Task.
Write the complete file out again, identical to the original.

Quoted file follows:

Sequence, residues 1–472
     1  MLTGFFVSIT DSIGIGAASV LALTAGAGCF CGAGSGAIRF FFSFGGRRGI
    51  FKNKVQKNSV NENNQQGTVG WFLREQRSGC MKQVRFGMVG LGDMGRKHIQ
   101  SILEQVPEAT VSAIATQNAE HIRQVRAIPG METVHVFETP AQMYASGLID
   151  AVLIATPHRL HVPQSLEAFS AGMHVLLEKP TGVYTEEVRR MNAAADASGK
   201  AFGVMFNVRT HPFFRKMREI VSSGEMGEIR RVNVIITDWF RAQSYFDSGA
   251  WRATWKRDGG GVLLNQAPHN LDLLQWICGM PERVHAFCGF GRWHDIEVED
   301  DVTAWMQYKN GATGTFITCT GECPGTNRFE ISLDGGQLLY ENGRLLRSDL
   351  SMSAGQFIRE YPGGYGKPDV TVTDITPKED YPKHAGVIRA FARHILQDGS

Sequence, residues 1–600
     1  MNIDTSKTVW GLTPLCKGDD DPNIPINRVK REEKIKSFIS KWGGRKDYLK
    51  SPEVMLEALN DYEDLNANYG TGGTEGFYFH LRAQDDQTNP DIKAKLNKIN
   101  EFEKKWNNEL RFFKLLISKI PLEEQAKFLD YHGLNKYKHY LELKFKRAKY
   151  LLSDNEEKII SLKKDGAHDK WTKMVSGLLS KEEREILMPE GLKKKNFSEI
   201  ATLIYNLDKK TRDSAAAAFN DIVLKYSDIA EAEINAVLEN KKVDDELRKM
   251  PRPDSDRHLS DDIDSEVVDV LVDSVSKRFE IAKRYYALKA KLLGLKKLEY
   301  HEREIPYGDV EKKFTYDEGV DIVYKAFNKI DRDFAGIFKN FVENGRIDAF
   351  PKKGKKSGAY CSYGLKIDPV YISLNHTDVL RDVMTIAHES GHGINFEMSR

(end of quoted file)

Sequence, residues 1–472
     1  MLTGFFVSIT DSIGIGAASV LALTAGAGCF CGAGSGAIRF FFSFGGRRGI
    51  FKNKVQKNSV NENNQQGTVG WFLREQRSGC MKQVRFGMVG LGDMGRKHIQ
   101  SILEQVPEAT VSAIATQNAE HIRQVRAIPG METVHVFETP AQMYASGLID
   151  AVLIATPHRL HVPQSLEAFS AGMHVLLEKP TGVYTEEVRR MNAAADASGK
   201  AFGVMFNVRT HPFFRKMREI VSSGEMGEIR RVNVIITDWF RAQSYFDSGA
   251  WRATWKRDGG GVLLNQAPHN LDLLQWICGM PERVHAFCGF GRWHDIEVED
   301  DVTAWMQYKN GATGTFITCT GECPGTNRFE ISLDGGQLLY ENGRLLRSDL
   351  SMSAGQFIRE YPGGYGKPDV TVTDITPKED YPKHAGVIRA FARHILQDGS

Sequence, residues 1–600
     1  MNIDTSKTVW GLTPLCKGDD DPNIPINRVK REEKIKSFIS KWGGRKDYLK
    51  SPEVMLEALN DYEDLNANYG TGGTEGFYFH LRAQDDQTNP DIKAKLNKIN
   101  EFEKKWNNEL RFFKLLISKI PLEEQAKFLD YHGLNKYKHY LELKFKRAKY
   151  LLSDNEEKII SLKKDGAHDK WTKMVSGLLS KEEREILMPE GLKKKNFSEI
   201  ATLIYNLDKK TRDSAAAAFN DIVLKYSDIA EAEINAVLEN KKVDDELRKM
   251  PRPDSDRHLS DDIDSEVVDV LVDSVSKRFE IAKRYYALKA KLLGLKKLEY
   301  HEREIPYGDV EKKFTYDEGV DIVYKAFNKI DRDFAGIFKN FVENGRIDAF
   351  PKKGKKSGAY CSYGLKIDPV YISLNHTDVL RDVMTIAHES GHGINFEMSR